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Uhuru’s cabinet pick caught up in land row on day of swearing in

February 17th, 2018 2 min read

New Lands Cabinet Secretary Farida Karoney has found herself at the centre of a bitter dispute over a piece of land at her home area in Nandi County, just few weeks after being picked by President Uhuru Kenyatta to head the docket.

On the day she was taking oath of office at State House in Nairobi, dozens of police officers were camping at Kamoywo in Chesumei constituency, to enforce a court order giving her permission to fence the piece of land.

Tension was high in the village for the better part of Friday after a contingent of Administration Police officers from Mosoriot were deployed to guard surveyors placing beacons on a 16-acre piece of land both Ms Karoney and the family of Athletics Kenya’s Youth Development boss Barnabas Korir are laying claim to.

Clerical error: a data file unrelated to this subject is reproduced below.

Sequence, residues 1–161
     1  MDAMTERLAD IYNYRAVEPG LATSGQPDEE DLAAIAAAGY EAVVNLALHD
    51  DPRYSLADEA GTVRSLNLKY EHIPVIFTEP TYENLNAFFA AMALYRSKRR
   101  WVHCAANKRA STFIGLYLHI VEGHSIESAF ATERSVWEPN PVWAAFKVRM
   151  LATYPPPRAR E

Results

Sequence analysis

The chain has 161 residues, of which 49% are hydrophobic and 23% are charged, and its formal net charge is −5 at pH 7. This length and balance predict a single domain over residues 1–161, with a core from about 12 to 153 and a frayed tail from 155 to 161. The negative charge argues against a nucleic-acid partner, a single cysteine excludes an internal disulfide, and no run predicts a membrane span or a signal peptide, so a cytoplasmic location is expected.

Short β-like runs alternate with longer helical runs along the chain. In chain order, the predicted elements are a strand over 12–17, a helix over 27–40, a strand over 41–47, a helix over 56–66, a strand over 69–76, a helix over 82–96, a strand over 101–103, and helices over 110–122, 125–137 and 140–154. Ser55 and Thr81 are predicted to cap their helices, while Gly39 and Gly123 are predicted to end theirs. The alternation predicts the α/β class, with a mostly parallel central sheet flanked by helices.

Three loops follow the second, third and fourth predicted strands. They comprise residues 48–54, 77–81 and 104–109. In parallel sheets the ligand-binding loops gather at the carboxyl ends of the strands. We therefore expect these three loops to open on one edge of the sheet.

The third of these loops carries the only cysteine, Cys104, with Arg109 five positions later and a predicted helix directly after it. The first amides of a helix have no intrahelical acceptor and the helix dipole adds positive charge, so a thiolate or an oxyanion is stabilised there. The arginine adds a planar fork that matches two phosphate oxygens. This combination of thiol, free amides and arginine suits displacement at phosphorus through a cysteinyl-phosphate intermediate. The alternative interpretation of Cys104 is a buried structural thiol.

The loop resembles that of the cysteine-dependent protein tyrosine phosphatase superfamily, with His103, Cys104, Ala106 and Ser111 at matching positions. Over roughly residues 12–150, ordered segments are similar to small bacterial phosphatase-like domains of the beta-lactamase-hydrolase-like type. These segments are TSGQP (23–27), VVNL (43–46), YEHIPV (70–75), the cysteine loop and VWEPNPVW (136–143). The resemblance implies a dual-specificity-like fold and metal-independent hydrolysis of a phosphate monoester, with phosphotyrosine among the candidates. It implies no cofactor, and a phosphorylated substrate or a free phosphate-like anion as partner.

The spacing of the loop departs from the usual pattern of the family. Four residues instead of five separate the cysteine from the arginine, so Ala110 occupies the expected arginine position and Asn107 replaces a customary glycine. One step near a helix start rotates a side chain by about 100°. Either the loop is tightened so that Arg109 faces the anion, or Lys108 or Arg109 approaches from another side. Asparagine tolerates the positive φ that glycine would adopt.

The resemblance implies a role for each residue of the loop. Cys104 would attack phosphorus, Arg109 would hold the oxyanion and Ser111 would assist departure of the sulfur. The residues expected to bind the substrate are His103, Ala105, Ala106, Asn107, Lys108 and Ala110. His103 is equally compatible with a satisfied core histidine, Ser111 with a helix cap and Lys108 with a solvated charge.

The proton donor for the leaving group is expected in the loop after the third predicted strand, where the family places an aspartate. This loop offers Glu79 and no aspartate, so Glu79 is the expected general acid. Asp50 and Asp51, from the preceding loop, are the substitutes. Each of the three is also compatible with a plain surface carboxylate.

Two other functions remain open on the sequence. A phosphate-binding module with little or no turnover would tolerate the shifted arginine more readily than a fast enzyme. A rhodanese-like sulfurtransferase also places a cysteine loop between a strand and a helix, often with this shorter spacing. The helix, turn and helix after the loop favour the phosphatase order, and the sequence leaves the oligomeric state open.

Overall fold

Earlier this week, Kapsabet senior resident magistrate Kesse Cherono ruled that the district surveyor and land registrar move to the disputed plot and survey it for purposes of establishing boundaries and fencing it.

Mr Korir’s family however resisted the implementation maintaining that they are the legitimate owners of the land.

They indicated that there was need to wait for a proper ruling by the court.

It took the intervention of Mosoriot OCS Nicholas Pera who led the security officers to cool down the rising temperatures between the family and youth who had arrived at the site ready to start fencing.

According to court documents seen by the Nation, the property is registered as Nandi/ Kamoywo 760.

On Friday, Ms Karoney insisted that the land belonged to her and that she had followed all the legal channels to acquire it from Linus Kogo last year.


“There is nothing illegal about the acquisition of this land. I bought it from someone who had a legal title deed and it has been legally transferred to me,” she said on phone.

She said the officers were sent to enforce a court order.

She said the person who sold her the property had acquired it through succession from her grandmother.

However, Mr Korir said that they had documents showing that the land belonged to them.

He said the initial owner, a Maria Chelagat, who is now deceased, sold it to their father Abraham Titomet Korir’s in 1968.